I'm interested in research in the field of educational sciences. I may enroll in a Ph.D. course in the future. But right now, I'm not a student anywhere and I want to do research in my interested field even without being in the university. I think one of the most important benefits of being a Ph.D. student is access to scientific community. You have access to professors and other students, and you can engage in a group scientific research work. My question is that what are the possibilities for an independent researcher (in a developing country) to have access to scientific communities? To have discussions, get reviews, etc. ?

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    Where are you based? Where I'm from, you need to have both a bachelors and a masters degree in order to start a PhD, and doing a those would already integrate you into an academic environment. – Polygnome Mar 20 at 22:48
  • I have gotten my BS many years ago and in an unrelated field. My MS is relatively new, but it was not from a good university and it doesn't help me about the above concerns. – Hossein Mar 21 at 3:07
  • Also, important question: are you a teacher? Most schools should have someone in charge of professional development. – nick012000 Mar 21 at 3:10
  • No, I'm not a teacher. In addition, in my country schools do not provide such opportunities. – Hossein Mar 21 at 12:18

One of your best bets would be to find some active SubReddits, Discord, and GitHub communities. Without university infrastructure, it’s a very steep challenge. Even with my suggestions, you become increasingly limited by what you’re able to do.

  • GitHub communities? – user1271772 Mar 21 at 2:13
  • Yes. GitHub communities exist. For example, Ethereum is a decentralized blockchain network that has active research from a wide variety of people. Keep in mind, there are insanely intelligent people who also look at serious academics with derision. What matters is the quality of the content that is produced, everything else is just administrative. – GrayLiterature Mar 21 at 13:39

My question is that what are the possibilities for an independent researcher (in a developing country) to have access to scientific communities? To have discussions, get reviews, etc. ?

To get reviews, you need to submit manuscripts to journals.

In addition, setting up a profile at scholarly 'social media'-like sites might help, e.g. ResearchGate. Some people have concerns against such profit-oriented (but free-to-use) platforms, but it might help with finding a small initial network.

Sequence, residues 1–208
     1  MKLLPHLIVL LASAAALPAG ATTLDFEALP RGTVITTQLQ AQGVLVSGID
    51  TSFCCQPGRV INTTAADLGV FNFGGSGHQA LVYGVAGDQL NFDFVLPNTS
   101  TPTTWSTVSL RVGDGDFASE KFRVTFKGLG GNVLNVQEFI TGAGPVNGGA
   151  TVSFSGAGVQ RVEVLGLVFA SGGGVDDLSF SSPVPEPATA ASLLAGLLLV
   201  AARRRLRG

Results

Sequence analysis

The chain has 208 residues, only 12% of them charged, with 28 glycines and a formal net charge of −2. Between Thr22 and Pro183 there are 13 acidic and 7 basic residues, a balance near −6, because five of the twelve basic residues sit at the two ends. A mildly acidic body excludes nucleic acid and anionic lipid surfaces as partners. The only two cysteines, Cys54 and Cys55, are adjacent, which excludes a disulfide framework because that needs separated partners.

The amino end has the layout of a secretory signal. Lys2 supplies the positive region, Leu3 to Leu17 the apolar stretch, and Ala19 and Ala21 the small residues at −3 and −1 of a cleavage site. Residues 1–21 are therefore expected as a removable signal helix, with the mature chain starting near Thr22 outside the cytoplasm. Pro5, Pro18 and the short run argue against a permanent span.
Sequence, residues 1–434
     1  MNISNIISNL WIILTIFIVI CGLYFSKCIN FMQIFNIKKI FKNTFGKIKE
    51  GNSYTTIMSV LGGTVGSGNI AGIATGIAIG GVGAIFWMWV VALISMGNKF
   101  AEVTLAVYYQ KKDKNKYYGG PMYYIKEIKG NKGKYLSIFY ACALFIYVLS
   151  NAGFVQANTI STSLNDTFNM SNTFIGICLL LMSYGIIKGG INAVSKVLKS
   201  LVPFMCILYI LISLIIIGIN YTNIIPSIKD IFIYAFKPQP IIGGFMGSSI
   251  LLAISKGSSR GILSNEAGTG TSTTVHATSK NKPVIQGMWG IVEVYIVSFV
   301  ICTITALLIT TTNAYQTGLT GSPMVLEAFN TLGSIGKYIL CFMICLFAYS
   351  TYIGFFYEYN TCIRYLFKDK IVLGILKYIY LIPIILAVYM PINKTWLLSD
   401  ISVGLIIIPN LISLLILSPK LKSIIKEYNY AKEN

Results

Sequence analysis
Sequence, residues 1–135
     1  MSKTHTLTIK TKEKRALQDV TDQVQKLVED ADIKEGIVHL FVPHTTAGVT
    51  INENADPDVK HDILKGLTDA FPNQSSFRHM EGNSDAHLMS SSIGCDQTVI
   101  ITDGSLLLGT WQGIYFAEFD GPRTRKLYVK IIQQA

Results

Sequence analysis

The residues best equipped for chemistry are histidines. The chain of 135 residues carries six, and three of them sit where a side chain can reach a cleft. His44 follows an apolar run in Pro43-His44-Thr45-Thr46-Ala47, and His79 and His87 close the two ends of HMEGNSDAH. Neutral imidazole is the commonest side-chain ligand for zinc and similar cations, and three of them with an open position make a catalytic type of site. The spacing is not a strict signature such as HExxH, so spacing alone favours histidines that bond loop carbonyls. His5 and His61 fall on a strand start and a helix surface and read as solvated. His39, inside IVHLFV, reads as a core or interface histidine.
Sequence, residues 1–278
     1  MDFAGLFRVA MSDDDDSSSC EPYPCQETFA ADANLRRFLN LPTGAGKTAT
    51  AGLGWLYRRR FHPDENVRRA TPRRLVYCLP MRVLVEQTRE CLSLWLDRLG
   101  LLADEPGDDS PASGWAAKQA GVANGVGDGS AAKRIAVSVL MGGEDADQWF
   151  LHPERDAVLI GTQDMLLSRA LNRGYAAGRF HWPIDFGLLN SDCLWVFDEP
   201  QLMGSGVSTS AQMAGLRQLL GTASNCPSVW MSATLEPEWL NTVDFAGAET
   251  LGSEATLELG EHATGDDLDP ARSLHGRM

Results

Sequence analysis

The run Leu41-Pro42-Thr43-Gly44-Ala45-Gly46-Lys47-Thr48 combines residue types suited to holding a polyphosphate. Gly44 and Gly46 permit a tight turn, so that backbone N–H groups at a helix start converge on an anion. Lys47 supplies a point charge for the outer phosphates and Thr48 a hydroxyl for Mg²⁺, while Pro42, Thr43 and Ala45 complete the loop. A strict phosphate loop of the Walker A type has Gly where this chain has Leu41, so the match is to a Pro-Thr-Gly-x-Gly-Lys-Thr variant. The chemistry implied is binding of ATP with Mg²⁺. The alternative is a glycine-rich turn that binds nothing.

To discuss with an informal "community of attention", well, many scholars are on Twitter. You could see what is discussed under the hashtag #HigherEducation, and follow like-minded people to exchange ideas. You can tweet about novel papers you read in your discipline; the authors will notice that and thank you for spreading their ideas (and thereby raising their Altmetric Scores).

Some Twitter accounts are specifically designed to introduce 'earliest career researchers' into the community, e.g. @AcademicChatter.


It is possible, but difficult. Possibly very difficult. On the other hand, if you can get the process started it can accelerate moderately quickly.

The problem is to make the first contact and convince someone that you have interesting ideas and who will be willing to communicate with you over the long run. Blind emails to people are a poor strategy, since people are busy and it is hard to convince them that working with you will have any value without personal contact.

If you can work independently then you can submit papers to appropriate journals and conferences and make contacts that way, but working alone is, as you say, difficult in itself.

If you can use other social contacts to get you in touch with some academic, and the people recommending you will vouch for you, then you can get started. But, once it happens, make expanding the circle of contacts and even collaboration a major effort. Co-authors, for example, will be happy to introduce you to others.

Note that publishing in academic journals doesn't require that you be associated with any academic institution. The review process tends (most cases) to focus on the papers themselves, not the affiliation of the author.

But, find a way to make some personal contact. Find a way to interest them in some idea you have for research/publications. Expand from there. Not easy, though.


One silver lining of the pandemic is that most conferences and workshops have gone online, eliminating travel expenses, and cut registration fees, doubly reducing barriers to entry. You could look for some in your field to keep abreast of what is happening, present your work, and network.

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